The Spice Rack

"There is no love sincerer than the love of food." Join me as I explore this love with reckless abandon. Each week try a new recipe from a different region. Read a little about each recipes' history and a lot about what it took to get it from the pages of the cookbook to the dinner table.

Saturday, February 11, 2006


Hello fellow cooks,

For my first post in this new cooking blog I thought I would start with a tried and true recipe, one that has received rave reviews in the past. Since the theme of this blog is to try a recipe from a different region every week I thought I would start out with a regional cuisine that I know well, New Mexican.

Most people think that New Mexican and Mexican food are the same things. These people have obviously never been to New Mexico and tried the food or met a New Mexican, we are quick to point out the subtle differences. To illustrate those differences I will give you the recipe for one of my favorite New Mexican foods, sopapillas.

Sopapillas have a special place in my heart. The soft pillow of fried dour drizzled with honey made a weekly appearance at our dinner table when I was growing up and I have fond memories of stuffing myself to near explosion on them.

New Mexican "sopas" are a little different than their Mexican counterparts. Ours are not a dessert and are not rolled in cinnamon and sugar. They are traditionally served as an appetizer, at many New Mexican restaurants in Albuquerque you will sit down to a basket of warm sopapillas before your meal arrives. And they are served drizzled with honey. In our house, and at many restaurants, we make stuffed sopapillas turning them into a main course. When I tell people about this I generally get a disgusted look, as they are used to the Mexican variety of sopapillas. But I strongly suggest you try this, it is one of my favorite New Mexican meals.

After you have made the sopapillas, tear off the top of one and stuff it with refried beans, ground beef, cheese, salsa, tomatoes etc. It becomes something like a taco, but with a delicious twist.
Here's my moms recipe and the one I have been wowing friends with since moving to Missouri.
4 cups flour
1 1/2 teaspoons salt
1 teaspoon baking powder
1 tablespoon sugar
1 tablespoon shortening
1 package (about 1 tablespoon) dry yeast
1/4 cup warm water
1 1/4 cup scalded milk

Combine the dry ingredients in a large bowl.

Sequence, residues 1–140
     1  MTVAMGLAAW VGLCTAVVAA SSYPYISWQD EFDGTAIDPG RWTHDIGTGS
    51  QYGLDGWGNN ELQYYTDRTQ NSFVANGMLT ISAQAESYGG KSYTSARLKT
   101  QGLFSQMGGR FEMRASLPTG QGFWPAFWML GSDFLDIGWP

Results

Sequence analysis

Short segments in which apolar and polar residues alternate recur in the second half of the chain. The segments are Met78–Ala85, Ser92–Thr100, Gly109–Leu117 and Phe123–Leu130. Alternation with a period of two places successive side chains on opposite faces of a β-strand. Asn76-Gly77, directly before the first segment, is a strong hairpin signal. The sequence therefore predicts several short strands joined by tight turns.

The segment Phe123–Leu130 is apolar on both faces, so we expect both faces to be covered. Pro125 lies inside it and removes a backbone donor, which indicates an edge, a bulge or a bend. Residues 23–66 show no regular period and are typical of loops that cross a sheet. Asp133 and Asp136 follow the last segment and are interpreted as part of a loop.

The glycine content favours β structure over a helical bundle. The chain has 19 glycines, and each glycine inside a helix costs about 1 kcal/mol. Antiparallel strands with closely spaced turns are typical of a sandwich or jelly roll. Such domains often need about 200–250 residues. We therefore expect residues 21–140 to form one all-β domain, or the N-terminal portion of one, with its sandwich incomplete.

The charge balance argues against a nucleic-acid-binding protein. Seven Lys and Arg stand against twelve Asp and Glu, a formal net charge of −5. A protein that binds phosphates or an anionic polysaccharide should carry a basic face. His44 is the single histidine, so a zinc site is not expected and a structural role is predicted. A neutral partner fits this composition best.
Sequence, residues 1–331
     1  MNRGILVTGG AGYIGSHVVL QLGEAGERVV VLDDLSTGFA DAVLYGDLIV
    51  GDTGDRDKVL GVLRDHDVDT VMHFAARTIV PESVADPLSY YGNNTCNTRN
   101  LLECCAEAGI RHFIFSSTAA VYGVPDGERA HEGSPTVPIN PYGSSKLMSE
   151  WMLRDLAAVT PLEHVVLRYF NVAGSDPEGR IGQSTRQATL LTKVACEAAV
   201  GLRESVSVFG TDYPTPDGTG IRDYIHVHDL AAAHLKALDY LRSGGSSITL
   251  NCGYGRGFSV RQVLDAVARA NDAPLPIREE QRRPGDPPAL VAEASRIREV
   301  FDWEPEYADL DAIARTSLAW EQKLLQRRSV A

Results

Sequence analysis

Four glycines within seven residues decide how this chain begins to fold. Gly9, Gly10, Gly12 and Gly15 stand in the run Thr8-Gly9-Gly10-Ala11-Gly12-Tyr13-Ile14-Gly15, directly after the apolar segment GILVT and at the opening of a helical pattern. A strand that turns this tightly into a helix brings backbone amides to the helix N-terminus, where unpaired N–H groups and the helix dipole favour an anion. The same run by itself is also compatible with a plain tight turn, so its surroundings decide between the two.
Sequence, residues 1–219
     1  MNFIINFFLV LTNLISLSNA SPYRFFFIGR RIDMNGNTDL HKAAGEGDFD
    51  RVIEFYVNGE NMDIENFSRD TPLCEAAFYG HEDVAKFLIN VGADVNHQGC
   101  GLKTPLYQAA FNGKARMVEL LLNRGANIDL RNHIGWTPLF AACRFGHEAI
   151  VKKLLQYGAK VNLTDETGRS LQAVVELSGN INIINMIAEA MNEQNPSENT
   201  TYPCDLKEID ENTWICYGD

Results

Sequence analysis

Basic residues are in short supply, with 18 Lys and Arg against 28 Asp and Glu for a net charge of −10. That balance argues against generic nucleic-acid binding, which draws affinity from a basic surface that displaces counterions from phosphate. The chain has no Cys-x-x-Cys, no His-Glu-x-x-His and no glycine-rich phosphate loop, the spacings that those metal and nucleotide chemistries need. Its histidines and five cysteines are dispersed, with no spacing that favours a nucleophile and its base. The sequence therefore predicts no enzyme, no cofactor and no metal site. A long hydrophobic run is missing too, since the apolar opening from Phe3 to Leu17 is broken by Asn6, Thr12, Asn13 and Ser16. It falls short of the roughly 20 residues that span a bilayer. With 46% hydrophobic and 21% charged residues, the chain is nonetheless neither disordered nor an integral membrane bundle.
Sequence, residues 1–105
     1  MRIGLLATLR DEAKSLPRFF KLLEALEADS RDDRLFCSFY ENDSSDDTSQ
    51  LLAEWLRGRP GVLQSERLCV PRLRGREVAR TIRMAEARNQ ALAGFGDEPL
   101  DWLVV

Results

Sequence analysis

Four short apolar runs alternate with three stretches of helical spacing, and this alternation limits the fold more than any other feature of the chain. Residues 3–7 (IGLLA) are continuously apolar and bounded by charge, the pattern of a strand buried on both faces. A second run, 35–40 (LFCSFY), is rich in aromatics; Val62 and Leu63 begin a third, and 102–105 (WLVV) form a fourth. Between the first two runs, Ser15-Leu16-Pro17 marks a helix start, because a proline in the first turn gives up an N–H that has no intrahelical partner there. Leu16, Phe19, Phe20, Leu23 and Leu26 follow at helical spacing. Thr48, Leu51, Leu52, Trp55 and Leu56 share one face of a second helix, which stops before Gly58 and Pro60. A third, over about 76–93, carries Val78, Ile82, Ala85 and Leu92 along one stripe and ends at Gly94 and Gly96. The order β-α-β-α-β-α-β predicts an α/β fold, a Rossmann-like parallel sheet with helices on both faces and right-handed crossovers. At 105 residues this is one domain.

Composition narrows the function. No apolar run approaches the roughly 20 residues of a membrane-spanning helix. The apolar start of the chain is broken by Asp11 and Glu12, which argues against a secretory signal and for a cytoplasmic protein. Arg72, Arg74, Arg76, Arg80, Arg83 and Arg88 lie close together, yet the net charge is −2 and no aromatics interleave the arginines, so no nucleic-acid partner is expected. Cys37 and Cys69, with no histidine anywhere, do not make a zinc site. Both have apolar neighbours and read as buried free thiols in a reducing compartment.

Next dissolve the yeast in the warm water. To scald the milk put it in the microwave or on a stovetop until it is on the verge of boiling. Let the milk cool and then add the yeast and water mixture and stir.
Make a well out of the dry ingredients and pour in the liquid ingredients slowly mixing together until you have dough.
Knead the dough 10/20 times until it is slightly elastic and let rise for about 10 minutes.

This recipe makes about 3/4 dozen sopapillas. From here I suggest dividing the dough into quarters, roll out each quarter into a square that is about 1/8 of an inch thick and cut the dough into nine squares. Each of these squares will become a sopapilla.
Warm vegetable oil in a large sauce pan to about 420 degrees (you want it hot but not scalding or you will they will cook to fast and not have time to puff up, medium heat on a stovetop works well) You can use however much oil you want, but it should be deep enough in the pan so that the piece of dough can be submerged.
Now here's the fun part. Drop one of the squares of dough into the hot oil and let it submerge. Here's my trick to get it to puff up (the hardest part of the recipe, nobody like flat sopas) tap the side of the piece of dough gently but consistently with spatula, or whatever you are using to remove the sopapilla from the oil. Once it has puffed with air, flip it and cook the other side. Continue to flip and cook until both sides are golden brown and repeat with all dough. When you get really good you should be able to cook more than one at a time.
Serve while they are still warm with honey, or try the stuffed variety suggested above.
Hope you enjoy!


Blogger Rex said...

Thank you. I had just copied an almost identical recipe from COOKS.COM,(recipe#4).It did NOT give the amount of flour. Your post just saved my day. It has been years since my now deceased wife had made any.

6:32 PM  
Blogger Rex said...

Thank you. I had just copied an almost identical recipe from COOKS.COM,(recipe#4).It did NOT give the amount of flour. Your post just saved my day. It has been years since my now deceased wife had made any.

6:32 PM  
Blogger Kathi said...

I travel to Alb a couple of times a year for business and sopapillas are one of my favorites. I love stuffed sopapillas and Thank You for posting this. I can't wait to try it.

10:09 AM  
Blogger jb said...

We just got back from a trip around Taos and had some sopas at Michael's Kitchen. I got to introduce my kids to them. It has been a long time since I had any real ones. I promised I would look up how to when we got home. found your post. Great directions. We can't wait to try them.

10:48 AM  
Blogger Adrianne said...

Heather! Help! I'm having a sopapilla emergency. My cousin and I (our family is from Albuquerque) are throwing a New mexico fiesta this sunday (July 22nd) on Maui where we live. We just tried your sopapilla recipe but with less than perfect results.

The dough seemed too dry, or maybe too dense, the final sopapilla was not as fluffy as it should be. And the flavor seemed to be mission something, it was a little bland. Although they did puff up they were thin on one side and too thick on the other.

If you have pity upon a sopapilla virgin you can email or even better, call me 808-214-9733

5:39 PM  

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